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Welcome to the Machine 475 Blog, complete with posts about the Machine 475 project, a music/art collaborative based in Boston and its community of loyal followers.
Formed in January 2006, Machine 475 is an ambitious prog-pop, multimedia project. Pop, rock, alternative, techno, trance, bluegrass, spoken word: it’s all here. Enjoy.
I've figured it out: this is the better way to add the tracks.
Thursday, February 26, 2009
The story of the Jellies
In early 1981, two undergraduates at Cambridge University in England, Richard Lewis and Mark Tomblin, decided to make a record. Both were members of the college party band The Wobbly Jellies, which played cover songs at drunken parties, and which even supported Elvis Costello when he visited the campus to play. The two decided to work on two minimalist disco tracks, given their love of Chic and Gang of Four, and to call themselves the Jellies. They booked a few hours of studio time at the local Spaceward Studios, and went in one afternoon without even a demo of the project.
Recording went smoothly, given the very modest musical talent of the band, and a tape loop of kick and snare drums was created and then extended to five minutes, the tape itself looping around a pencil held by Lewis, in true Sgt. Pepper fashion. He then proceeded to play bass (badly) over the loop, using a guitar so cheap that the engineer had his work cut out for him, just to get the sound decent. Overdubs involved real handclaps, and Tomblin's overdubbed guitar effects, followed by a girl chant performed by the Wimpettes, the Wobbly Jellies backing singers, Frances and Justine.
The two five minute tracks, "Jive Baby on a Saturday Night" and "Conversation", were released as a single, although 'released' is rather too ambitious a word for this ultimate home-made record. Lettering was done by Lewis and his sheet of Letraset rub-on lettering, and 500 were delivered to Lewis and Tomblin. The combined budget for this production was about 500 pounds. Expectations were understandably low, given the strangeness of this music, which did not sound like anything else out there in 1981 (or since), and the fact that no promotion was done for the record (almost). This was the only activity for the Jellies, who were convened just for this project. The songs were never performed live, and the band broke up (graduated) soon after the recording was made.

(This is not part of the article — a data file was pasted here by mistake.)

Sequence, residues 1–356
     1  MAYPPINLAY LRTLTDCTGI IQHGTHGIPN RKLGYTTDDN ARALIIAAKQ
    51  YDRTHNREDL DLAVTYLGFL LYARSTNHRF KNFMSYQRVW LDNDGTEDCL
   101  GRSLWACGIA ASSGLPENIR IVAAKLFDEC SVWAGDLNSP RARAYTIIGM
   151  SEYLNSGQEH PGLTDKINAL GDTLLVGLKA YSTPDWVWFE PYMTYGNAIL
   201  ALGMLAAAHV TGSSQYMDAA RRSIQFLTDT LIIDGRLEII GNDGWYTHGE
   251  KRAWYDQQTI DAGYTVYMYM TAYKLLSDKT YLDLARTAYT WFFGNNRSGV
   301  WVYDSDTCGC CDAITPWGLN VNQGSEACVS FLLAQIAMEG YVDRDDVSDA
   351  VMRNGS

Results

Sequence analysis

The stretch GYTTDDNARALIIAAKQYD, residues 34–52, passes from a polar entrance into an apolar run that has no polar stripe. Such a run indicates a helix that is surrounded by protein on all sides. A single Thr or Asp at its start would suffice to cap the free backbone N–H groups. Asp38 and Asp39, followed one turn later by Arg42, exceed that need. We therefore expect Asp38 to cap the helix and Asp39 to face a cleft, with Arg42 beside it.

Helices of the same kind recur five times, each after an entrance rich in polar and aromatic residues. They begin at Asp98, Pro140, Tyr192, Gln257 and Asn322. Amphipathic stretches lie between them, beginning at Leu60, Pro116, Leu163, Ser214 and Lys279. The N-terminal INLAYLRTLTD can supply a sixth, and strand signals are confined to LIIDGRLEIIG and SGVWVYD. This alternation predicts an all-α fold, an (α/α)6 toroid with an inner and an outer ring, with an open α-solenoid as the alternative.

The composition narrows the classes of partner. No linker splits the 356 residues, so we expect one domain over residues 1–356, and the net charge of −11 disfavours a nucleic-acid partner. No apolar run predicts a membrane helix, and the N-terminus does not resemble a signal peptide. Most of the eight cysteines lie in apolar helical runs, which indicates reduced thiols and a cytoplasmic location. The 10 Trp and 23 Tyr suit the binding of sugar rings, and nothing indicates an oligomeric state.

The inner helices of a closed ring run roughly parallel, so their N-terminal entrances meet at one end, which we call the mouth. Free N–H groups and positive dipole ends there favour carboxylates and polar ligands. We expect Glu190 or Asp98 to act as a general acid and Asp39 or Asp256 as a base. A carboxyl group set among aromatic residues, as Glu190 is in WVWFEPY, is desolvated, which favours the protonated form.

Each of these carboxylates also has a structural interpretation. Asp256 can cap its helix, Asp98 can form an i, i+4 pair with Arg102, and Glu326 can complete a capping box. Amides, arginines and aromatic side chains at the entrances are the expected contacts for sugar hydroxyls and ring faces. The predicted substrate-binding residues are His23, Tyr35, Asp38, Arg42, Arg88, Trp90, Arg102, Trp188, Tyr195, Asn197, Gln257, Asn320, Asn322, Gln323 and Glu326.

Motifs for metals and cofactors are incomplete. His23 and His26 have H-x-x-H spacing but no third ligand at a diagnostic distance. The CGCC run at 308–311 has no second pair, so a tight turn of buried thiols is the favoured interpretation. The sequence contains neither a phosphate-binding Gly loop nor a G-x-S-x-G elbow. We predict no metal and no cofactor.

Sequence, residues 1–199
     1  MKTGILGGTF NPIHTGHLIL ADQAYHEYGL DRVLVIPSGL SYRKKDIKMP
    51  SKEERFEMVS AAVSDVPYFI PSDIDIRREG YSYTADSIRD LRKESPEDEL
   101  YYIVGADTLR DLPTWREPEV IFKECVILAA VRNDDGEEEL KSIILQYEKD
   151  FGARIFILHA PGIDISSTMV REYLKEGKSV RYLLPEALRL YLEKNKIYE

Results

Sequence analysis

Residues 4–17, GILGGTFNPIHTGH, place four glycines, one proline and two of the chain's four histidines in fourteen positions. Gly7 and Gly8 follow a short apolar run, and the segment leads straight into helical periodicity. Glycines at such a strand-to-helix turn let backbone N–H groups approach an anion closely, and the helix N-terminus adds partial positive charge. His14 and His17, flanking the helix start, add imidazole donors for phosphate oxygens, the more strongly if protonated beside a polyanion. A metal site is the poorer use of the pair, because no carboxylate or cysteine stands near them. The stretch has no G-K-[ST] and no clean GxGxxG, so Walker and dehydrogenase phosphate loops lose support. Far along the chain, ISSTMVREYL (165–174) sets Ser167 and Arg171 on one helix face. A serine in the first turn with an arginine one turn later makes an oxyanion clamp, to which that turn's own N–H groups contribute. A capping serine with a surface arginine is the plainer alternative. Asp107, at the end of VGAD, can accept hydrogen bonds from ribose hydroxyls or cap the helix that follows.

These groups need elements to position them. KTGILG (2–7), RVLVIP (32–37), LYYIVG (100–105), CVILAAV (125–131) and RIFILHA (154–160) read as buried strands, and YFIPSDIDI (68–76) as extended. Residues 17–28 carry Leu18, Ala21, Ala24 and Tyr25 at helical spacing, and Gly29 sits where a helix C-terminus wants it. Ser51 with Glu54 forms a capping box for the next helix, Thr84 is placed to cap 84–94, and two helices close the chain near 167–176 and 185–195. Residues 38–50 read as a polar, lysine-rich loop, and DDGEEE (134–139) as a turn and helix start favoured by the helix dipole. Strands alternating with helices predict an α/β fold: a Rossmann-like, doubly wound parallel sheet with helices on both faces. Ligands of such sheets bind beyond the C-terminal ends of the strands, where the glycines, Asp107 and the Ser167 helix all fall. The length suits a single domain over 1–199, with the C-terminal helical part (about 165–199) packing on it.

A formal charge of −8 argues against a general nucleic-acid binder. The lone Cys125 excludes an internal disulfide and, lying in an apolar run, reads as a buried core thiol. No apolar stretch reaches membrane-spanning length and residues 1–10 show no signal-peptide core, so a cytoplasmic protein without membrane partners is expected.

Only two more details from 1981 are worth mentioning: a copy of the single, mailed to the BBC, found its way into the hands of legendary dj John Peel, who played it on his late night show; and Lewis delivered about 30 copies to the Rough Trade record store in London. "I walked into the store, the manager took a look at the record, put it on his turntable, played the first 30 seconds, decided it sounded alternative enough, and bought them all from me right there," says Lewis. This was, after all, the end of the punk rock era in London, and the anti-corporate vibe was still in the air.
And that was the end of the story . . .
Fast forward 27 years, to December 2008, when Lewis and Tomblin were finally tracked down by Michael Goldstein, a dj with WFMU radio in New York. Unbeknownst to its creators, the record has emerged as one of the most sought after items in the world of hipster vinyl, loved by both fans of early do-it-yourself vinyl recordings, and lovers of early minimalist disco. Fans now include Thurston Moore of Sonic Youth, Paul from Franz Ferdinand, DJs around the world, including Mark Ronson, and many others. The 30 copies delivered to Rough Trade in London have made their way around the world, thanks to the internet, and the song has been part of dj mixes for twenty years, released on a compilation in Japan, and is even available as a ringtone. Its incredible rarity has been part of its appeal, since the only other copies have been in Richard's mom's garage for 27 years.
Plans are now underway to create an album of songs inspired by the Jellies' sound, soon to be released on Trunk Records. The highlight of Richard's year has been meeting Thurston Moore and giving him a second copy of the single, after the guitarist apparently wore his out playing it so much.
And the moral of this story? If you make art from your heart and have the guts to put it out into the world, you never know how it will return the favor.